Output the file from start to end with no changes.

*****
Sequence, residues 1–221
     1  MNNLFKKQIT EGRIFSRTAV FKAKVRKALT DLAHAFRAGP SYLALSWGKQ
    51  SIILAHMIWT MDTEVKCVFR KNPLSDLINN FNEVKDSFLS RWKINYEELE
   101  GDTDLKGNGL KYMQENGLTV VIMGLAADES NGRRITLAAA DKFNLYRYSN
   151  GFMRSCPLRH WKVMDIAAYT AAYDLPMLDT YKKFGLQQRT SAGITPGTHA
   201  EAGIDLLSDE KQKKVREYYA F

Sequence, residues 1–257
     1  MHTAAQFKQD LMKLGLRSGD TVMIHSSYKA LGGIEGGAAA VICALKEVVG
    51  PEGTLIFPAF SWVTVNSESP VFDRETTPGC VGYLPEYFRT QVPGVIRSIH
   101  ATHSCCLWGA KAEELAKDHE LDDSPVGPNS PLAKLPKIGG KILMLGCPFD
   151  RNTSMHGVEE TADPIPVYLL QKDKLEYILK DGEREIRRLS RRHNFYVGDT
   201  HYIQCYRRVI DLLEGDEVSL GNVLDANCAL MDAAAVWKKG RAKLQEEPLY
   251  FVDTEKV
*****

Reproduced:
Sequence, residues 1–221
     1  MNNLFKKQIT EGRIFSRTAV FKAKVRKALT DLAHAFRAGP SYLALSWGKQ
    51  SIILAHMIWT MDTEVKCVFR KNPLSDLINN FNEVKDSFLS RWKINYEELE
   101  GDTDLKGNGL KYMQENGLTV VIMGLAADES NGRRITLAAA DKFNLYRYSN
   151  GFMRSCPLRH WKVMDIAAYT AAYDLPMLDT YKKFGLQQRT SAGITPGTHA
   201  EAGIDLLSDE KQKKVREYYA F

Sequence, residues 1–257
     1  MHTAAQFKQD LMKLGLRSGD TVMIHSSYKA LGGIEGGAAA VICALKEVVG
    51  PEGTLIFPAF SWVTVNSESP VFDRETTPGC VGYLPEYFRT QVPGVIRSIH
   101  ATHSCCLWGA KAEELAKDHE LDDSPVGPNS PLAKLPKIGG KILMLGCPFD
   151  RNTSMHGVEE TADPIPVYLL QKDKLEYILK DGEREIRRLS RRHNFYVGDT
   201  HYIQCYRRVI DLLEGDEVSL GNVLDANCAL MDAAAVWKKG RAKLQEEPLY
   251  FVDTEKV